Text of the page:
Special thanks to Trial Judging Coordinator Lee Carson and Judge Liason Wayne Dillon for their guidance and expertise in my trial judging shows during the 2015 season.

Music Careers for Your Personality Type

Posted on January 30, 2016 at 7:25 AM Comments comments (0)

Music Careers for Your Personality Type

Music Careers For Your Personality Type


Far from just art for art’s sake, music is business: big business.


$15.6 billion = Recorded music industry revenue 2015[3]

[parts of that 15$ billion][4]

46% physical sales revenue

46% digital sales revenue

6% performing rights (personalized streaming services, broadcasts, venues)

2% Synchronization revenue (adverts, brands, film partners)


In perspective:

That’s double the value of every beer stocked on a store shelf that year [1]


Music is global. And globally appealing.


But the US is the true center of music business


Genres by total consumption in the US:

Rock 29%

R&B/Hip Hop 17.2%

Pop 14.9%

Country 11.2%

Dance / EDM 3.4%

Christian Gospel 3.1%

Holiday / Seasonal 2.6%

Latin 2.6%

Jazz 1.4%

Classical 1.4%

Children 1%


And a perfect place to start a career in music


Such as:


Personal Manager

Booking Agent

Concert Promoter

Music Publisher

Professional Manager

Business Manager

Music Business Accountant

Entertainment Lawyer

Music Educators

Recording Engineers


There are tons of ways to get involved in the music industry. How do you know which is right for you?


It all depends on your interests, education, and personality.


Top Interests for Music Careers:


Music Creation

Sound Engineering









Top Degrees for Music Careers:


Bachelor of Music (BM) or Bachelor of Fine Arts (BFA)

Bachelor of Music Education (BME)

Bachelor of Arts in Music (BA)

Bachelor of Science in Music (BS)

Bachelor of Science in Music Business (BS)


Top Personality Types for Music Careers:


INTJ – The “Architects” are people who can strategize and plan for any situation








ISTJ – The “Logisticians” are people who are very fact-centered and reliable


ESTJ – The “Executives” are people who excel as administrators and managers of people


ISTP – The “virtuosos” are people who are bold and practical implementors

ISFP – The “adventurers” are people who are flexible and charming, will try anything once

ESTP – The “entrepreneurs” are people who are smart, perceptive, and very energetic

ESFP – The “entertainers” are people who are spontaneous, energetic, and enthusiastic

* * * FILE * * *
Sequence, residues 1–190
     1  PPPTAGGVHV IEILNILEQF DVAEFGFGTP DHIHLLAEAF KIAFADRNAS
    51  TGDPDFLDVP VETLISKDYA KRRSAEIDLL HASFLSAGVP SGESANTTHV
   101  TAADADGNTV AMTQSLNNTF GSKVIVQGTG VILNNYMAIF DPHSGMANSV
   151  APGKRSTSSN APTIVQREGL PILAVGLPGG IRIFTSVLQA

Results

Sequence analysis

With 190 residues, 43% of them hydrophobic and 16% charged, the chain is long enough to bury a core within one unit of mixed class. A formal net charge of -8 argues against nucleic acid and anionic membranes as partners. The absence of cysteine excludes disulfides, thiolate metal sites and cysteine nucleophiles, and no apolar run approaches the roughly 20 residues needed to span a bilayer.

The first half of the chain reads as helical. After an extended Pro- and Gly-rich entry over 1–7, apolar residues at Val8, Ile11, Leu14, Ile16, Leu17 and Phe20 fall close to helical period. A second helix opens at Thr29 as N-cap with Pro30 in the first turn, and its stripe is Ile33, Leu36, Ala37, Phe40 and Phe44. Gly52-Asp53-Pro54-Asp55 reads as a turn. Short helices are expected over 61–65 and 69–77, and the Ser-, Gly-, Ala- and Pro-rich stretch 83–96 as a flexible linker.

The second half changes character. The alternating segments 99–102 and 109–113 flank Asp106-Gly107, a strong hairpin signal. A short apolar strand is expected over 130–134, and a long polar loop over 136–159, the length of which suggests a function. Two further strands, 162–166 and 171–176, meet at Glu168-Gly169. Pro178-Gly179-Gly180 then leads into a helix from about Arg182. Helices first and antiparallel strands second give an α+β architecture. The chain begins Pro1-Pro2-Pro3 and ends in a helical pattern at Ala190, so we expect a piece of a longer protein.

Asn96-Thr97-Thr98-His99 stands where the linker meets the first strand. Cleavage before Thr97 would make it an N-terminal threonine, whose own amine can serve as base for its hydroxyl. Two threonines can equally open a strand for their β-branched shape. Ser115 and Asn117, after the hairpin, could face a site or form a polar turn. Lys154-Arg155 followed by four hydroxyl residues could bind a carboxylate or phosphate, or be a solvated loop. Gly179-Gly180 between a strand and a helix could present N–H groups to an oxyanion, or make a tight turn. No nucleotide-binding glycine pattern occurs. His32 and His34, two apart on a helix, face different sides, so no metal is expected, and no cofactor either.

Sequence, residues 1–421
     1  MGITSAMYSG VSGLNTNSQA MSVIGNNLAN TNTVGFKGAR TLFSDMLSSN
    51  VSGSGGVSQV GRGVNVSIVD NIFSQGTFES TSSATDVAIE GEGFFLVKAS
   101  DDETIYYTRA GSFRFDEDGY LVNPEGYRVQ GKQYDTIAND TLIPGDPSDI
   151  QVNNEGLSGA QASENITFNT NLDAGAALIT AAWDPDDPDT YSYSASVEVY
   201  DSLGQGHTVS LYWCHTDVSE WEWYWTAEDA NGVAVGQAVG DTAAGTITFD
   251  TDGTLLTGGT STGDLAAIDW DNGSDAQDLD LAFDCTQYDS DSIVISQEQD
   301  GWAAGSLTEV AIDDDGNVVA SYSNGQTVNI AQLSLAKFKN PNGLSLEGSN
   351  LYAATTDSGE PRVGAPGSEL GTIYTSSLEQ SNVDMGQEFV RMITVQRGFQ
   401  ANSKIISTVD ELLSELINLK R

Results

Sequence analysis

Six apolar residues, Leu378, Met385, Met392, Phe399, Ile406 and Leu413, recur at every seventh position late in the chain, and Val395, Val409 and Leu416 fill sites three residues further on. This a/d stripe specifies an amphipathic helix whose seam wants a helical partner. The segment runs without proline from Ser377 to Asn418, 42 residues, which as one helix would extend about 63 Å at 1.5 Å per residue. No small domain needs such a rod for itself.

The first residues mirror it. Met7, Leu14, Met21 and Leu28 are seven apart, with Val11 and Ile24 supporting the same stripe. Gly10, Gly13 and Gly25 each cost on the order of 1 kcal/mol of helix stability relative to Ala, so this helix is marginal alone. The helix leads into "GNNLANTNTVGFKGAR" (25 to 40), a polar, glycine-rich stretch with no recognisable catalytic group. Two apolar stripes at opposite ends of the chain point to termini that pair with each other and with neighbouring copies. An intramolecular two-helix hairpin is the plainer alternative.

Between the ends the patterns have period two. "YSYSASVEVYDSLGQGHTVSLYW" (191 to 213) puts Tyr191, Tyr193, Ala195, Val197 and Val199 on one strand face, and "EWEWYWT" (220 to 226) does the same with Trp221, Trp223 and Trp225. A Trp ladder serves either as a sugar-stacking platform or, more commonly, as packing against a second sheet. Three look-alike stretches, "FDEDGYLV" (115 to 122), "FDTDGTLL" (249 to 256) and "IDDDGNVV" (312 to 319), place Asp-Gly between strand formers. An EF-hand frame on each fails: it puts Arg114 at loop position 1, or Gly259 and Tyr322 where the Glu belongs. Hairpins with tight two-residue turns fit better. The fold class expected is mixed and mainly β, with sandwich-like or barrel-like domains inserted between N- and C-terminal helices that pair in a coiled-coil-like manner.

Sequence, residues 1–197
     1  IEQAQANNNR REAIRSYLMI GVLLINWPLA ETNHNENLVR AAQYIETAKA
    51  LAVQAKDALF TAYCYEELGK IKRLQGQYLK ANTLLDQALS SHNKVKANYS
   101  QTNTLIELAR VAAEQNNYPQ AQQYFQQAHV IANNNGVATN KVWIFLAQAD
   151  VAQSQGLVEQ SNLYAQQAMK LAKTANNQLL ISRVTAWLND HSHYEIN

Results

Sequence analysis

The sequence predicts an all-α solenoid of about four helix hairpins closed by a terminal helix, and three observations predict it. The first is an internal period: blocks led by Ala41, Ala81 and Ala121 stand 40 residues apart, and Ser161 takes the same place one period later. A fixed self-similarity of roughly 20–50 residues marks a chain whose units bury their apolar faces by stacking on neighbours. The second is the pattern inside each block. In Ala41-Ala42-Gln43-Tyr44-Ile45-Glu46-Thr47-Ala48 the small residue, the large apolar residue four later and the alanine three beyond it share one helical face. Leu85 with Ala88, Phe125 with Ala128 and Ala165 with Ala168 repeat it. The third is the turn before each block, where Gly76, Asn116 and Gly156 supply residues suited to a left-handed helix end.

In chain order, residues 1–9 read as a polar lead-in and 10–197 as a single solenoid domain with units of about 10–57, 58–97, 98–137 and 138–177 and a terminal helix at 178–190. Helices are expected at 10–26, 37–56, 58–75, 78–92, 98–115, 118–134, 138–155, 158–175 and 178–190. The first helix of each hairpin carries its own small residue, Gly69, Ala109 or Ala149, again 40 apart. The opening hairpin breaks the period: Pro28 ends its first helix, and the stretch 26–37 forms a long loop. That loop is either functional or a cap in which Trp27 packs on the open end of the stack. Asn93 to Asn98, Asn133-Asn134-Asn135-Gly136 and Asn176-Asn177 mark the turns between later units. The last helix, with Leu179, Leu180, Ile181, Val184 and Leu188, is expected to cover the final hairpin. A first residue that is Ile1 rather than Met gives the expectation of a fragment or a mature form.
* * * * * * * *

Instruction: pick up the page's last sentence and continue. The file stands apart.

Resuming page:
With a little hard work and a desire to work in a musical field, there’s a role for almost everyone!


Personal Manager


Description: represents a musical group and helps to manage all aspects of their career

Salary: generally 10-50% of an artists earnings

Personality types: INTJ, ENTJ, ESTJ

Education: Associates degree or above, music business


Booking Agent


Description: Secures bookings for musical talent at venues

Salary: $20,000 to +$1,000,000

Personality types: ENTJ, ENTP, ENFP, ESTP

Education: Associates degree or above, music business


Concert Promoter


Description: Hosts musical acts and artists, acts as organizer for musical events.

Salary: $0 to +$1,000,000

Personality types: ENTJ, ENTP, ENFP, ESTJ

Education: Associates degree or above, music business


Music Publisher


Description: Publishes music, negotiates royalties, copyrights music, distributes music

Salary: $20,000 to +$1,000,000

Personality types: INTP, ENTJ, ESTJ,ISTP, ESTP

Education: Associates degree or above, music business


Professional Manager


Description: Pitches music owned by publishing companies to labels and bands for performance and recording

Salary: $20,000 to $64,590

Personality types: INTJ, ENFJ, ENFP, ISFP

Education: Bachelors in Marketing, Music Business, or Other


Music Education


Description: Music educators in private settings, primary, secondary, or college settings

Salary: $32,540 to $128,330

Personality types: ENFJ, ENTP, INFJ, ESFP

Education: Bachelors in education, bachelors in music


Business Manager


Description: Manages musician and entertainer finances

Salary: $25,000 to +$1,000,000

Personality types: ISTJ, ESTJ, ESTP

Education: Bachelors in music business, business, or accounting


Music Business Accountant


Description: Advise and work with musicians and music business companies in financial affairs

Salary: $40,370 to $113,470

Personality types: ESTJ, ISTJ, ENFP, INFJ

Education: Bachelors in accounting


Entertainment Lawyer


Description: Manages legal matters for musicians: contracts, negotiation, advice, and counseling.

Salary: $70,000 to $150,000

Personality types: ENTP, ISTJ, ESTJ, INTJ

Education: Juris Doctor (JD)


Recording Engineers


Description: sets up and operates recording equipment so as to create albums. Oversee artistic and technical elements of the recording session.

Salary: $25,000 to $150,0000

Personality types: INTJ, INTP, ISTP, ISFP

Education: On the job or associates degree